NEC
Corporation, later NEC
NEC
Electronics, then Renesas Electronics NXP Semiconductors National Semiconductor
Semiconductor
(no longer makes standalone EEproms) later, Texas Instruments ON Semiconductor Renesas Electronics ROHM Samsung Electronics STMicroelectronics Seiko Instruments Winbond

In popular culture[edit] The Stanford
Stanford
Graduate Students in Electrical Engineering
Electrical Engineering
(GSEE) has annually hosted a dance (i.e. prom) called EEPROM[46] since 2012. See also[edit]

Flash memory EPROM Floating-gate MOSFET Field electron emission#Fowler–Nordheim tunneling Avalanche breakdown Tunnel junction Quantum tunnelling DataFlash Intel
Intel
HEX – file format SREC – file format Programmer (hardware)

References[edit]

^ Tarui, Yasuo; Hayashi, Yutaka; Nagai, Kiyoko (1971-09-01). "Proposal of electrically reprogrammable non-volatile semiconductor memory". Proceedings of the 3rd Conference on Solid State Devices, Tokyo. The Japan Society of Applied Physics: 155–162.  ^ Tarui, Y.; Hayashi, Y.; Nagai, K. (1972). "Electrically reprogrammable nonvolatile semiconductor memory". IEEE Journal of Solid-State Circuits. 7 (5): 369–375. doi:10.1109/JSSC.1972.1052895. ISSN 0018-9200.  ^ Tarui, Yasuo; Nagai, Kiyoko; Hayashi, Yutaka (1974-07-19). "Nonvolatile Semiconductor
Semiconductor
Memory" (PDF). OYOBUTURI. 43 (10): 990–1002. doi:10.11470/oubutsu1932.43.990. ISSN 2188-2290.  ^ a b Iizuka, H.; Masuoka, F.; Sato, Tai; Ishikawa, M. (1976). "Electrically alterable avalanche-injection-type MOS READ-ONLY memory with stacked-gate structure". IEEE Transactions on Electron Devices. 23 (4): 379–387. doi:10.1109/T-ED.1976.18415. ISSN 0018-9383.  ^ Rossler, B. (1977). "Electrically erasable and reprogrammable read-only memory using the n-channel SIMOS one-transistor cell". IEEE Transactions on Electron Devices. 24 (5): 606–610. doi:10.1109/T-ED.1977.18788. ISSN 0018-9383.  ^ Suzuki, E.; Hiraishi, H.; Ishii, K.; Hayashi, Y. (1983). "A low-voltage alterable E EPROM
EPROM
with metal—oxide-nitride—oxide—semiconductor (MONOS) structures". IEEE Transactions on Electron Devices. 30 (2): 122–128. doi:10.1109/T-ED.1983.21085. ISSN 0018-9383.  ^ XTECH, NIKKEI. "Renesas Embeds 40nm Flash Memory on Chip". NIKKEI XTECH.  ^ " Renesas Electronics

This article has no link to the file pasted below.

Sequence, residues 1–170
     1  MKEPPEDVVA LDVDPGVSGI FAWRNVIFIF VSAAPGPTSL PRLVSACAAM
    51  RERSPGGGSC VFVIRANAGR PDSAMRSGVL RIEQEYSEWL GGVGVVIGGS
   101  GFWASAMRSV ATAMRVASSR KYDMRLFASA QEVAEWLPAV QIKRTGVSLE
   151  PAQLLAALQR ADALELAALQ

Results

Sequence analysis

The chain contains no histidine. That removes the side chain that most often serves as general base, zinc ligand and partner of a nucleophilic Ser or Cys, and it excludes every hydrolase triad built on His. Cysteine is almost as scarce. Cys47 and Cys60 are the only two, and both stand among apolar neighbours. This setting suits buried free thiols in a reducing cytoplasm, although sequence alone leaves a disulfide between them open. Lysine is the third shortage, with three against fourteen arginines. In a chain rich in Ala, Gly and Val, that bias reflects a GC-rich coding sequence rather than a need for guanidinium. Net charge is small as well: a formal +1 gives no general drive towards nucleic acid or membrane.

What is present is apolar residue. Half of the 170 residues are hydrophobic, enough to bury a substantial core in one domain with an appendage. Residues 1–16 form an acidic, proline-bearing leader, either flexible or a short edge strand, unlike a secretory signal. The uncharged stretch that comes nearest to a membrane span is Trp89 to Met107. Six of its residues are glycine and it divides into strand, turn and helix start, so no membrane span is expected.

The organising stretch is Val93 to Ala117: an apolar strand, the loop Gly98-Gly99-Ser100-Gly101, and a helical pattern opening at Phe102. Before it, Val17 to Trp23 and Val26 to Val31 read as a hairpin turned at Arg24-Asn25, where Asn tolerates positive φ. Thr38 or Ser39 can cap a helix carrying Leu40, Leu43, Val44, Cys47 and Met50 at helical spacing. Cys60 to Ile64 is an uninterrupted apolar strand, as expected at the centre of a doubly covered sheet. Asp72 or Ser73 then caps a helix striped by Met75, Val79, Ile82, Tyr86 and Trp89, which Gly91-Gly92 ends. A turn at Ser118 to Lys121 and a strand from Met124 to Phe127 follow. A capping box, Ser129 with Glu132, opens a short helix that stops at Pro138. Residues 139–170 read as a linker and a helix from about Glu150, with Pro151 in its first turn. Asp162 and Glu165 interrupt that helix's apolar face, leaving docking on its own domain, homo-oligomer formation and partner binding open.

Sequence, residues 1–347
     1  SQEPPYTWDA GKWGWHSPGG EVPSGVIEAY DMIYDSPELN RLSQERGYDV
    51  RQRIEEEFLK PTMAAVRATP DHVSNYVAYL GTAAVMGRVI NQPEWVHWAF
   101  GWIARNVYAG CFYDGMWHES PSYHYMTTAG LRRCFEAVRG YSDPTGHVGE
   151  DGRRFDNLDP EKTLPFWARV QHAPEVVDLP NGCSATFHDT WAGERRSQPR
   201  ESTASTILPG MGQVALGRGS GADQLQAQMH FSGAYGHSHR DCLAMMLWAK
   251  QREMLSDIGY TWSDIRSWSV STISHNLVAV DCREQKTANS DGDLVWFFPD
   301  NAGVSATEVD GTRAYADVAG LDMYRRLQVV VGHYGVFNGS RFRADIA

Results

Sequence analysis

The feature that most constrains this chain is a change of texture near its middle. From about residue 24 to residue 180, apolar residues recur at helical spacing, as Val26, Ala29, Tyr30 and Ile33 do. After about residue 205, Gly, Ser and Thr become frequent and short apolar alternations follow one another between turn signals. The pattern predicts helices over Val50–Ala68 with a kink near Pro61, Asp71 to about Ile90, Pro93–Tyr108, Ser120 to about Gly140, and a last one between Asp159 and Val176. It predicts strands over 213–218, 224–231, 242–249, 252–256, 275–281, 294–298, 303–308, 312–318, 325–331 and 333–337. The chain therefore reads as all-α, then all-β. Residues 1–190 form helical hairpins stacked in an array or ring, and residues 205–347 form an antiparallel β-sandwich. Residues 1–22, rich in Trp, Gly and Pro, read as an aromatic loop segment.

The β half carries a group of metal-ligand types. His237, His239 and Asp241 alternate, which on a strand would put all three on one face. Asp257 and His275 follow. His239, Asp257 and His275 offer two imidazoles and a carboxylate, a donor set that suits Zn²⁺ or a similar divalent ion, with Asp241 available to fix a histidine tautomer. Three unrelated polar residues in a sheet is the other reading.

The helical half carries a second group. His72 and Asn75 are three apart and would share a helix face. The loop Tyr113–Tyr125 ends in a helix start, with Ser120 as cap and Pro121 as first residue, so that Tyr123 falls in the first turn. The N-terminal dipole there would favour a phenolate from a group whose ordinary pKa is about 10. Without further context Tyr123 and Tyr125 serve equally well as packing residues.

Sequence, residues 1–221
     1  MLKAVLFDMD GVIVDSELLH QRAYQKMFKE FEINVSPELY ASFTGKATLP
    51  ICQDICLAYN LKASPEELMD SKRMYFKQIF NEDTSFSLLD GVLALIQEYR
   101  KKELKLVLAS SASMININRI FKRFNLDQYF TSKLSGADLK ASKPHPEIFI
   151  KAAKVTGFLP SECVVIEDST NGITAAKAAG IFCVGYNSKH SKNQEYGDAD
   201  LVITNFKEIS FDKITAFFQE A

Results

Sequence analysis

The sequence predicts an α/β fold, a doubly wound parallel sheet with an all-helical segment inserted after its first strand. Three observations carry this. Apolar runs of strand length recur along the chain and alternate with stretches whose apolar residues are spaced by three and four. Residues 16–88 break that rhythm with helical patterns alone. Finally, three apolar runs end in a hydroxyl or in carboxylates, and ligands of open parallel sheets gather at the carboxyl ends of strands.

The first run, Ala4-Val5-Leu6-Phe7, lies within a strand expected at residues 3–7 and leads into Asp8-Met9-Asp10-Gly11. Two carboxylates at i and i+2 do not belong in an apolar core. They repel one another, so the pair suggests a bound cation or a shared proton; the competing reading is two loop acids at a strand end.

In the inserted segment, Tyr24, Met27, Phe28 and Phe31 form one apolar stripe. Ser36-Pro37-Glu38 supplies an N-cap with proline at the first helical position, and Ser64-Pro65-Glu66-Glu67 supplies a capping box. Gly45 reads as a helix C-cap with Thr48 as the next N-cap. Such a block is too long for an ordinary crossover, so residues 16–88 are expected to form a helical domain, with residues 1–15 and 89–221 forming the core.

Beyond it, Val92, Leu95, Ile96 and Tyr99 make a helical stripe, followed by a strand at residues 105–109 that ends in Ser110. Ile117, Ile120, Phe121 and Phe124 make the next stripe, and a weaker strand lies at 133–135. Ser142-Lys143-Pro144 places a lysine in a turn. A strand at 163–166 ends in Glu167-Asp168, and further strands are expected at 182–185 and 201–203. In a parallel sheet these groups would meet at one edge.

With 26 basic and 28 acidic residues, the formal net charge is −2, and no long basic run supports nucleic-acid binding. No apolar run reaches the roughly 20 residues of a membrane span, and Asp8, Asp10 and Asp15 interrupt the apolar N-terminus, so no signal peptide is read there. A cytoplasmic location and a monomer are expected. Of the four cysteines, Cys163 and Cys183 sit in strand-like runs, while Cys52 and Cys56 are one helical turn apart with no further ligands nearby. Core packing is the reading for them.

Renesas Electronics
Develops 90 nm One- Transistor
Transistor
MONOS Flash Memory Technology to Accelerate Intelligence in Automotive Control Systems". Business Wire. 2016-01-03.  ^ Taito, Y.; Kono, T.; Nakano, M.; Saito, T.; Ito, T.; Noguchi, K.; Hidaka, H.; Yamauchi, T. (2015). "A 28 nm Embedded Split-Gate MONOS (SG-MONOS) Flash Macro for Automotive Achieving 6.4 GB/s Read Throughput by 200 MHz No-Wait Read Operation and 2.0 MB/s Write Throughput at Tj of 170circ$ C". IEEE Journal of Solid-State Circuits. 51 (1): 213–221. doi:10.1109/JSSC.2015.2467186. ISSN 0018-9200.  ^ a b Masuoka, Fujio (31 August 1972). "Avalanche injection type mos memory".  ^ Rai, Yasuki; Sasami, Terutoshi; Hasegawa, Yuzuru; Okazoe, Masaru (1973-05-18). "Electrically reprogrammable nonvolatile floating gate semi-conductor memory device and method of operation".  ^ Abbas, Shakir A.; Barile, Conrad A.; Lane, Ralph D.; Liu., Peter T (1973-03-16). "US3836992A; Electrically erasable floating gate fet memory cell". pdfpiw.uspto.gov. United States Patent and Trademark Office.  ^ Frohman, Bentchkowsky D (19 October 1973). "Electrically alterable floating gate device and method for altering same".  ^ Chou, Sunlin (26 February 1973). "Erasable floating gate device".  ^ a b Ohya, Shuichi; Kikuchi, Masanori (1974-12-27). "Non-volatile semiconductor memory device".  ^ Verwey, J. F.; Kramer, R. P. (1974). "Atmos—An electrically reprogrammable read-only memory device". IEEE Transactions on Electron Devices. 21 (10): 631–636. doi:10.1109/T-ED.1974.17981. ISSN 0018-9383.  ^ B., Roessler; R. G., Mueller (1975). "Erasable and electrically reprogrammable read-only memory using the N-channel SIMOS one-transistor cell". Siemens
Siemens
Forschungs und Entwicklungsberichte. 4: 345–351.  ^ Jack, S; Huang, T. (8 September 1975). " Semiconductor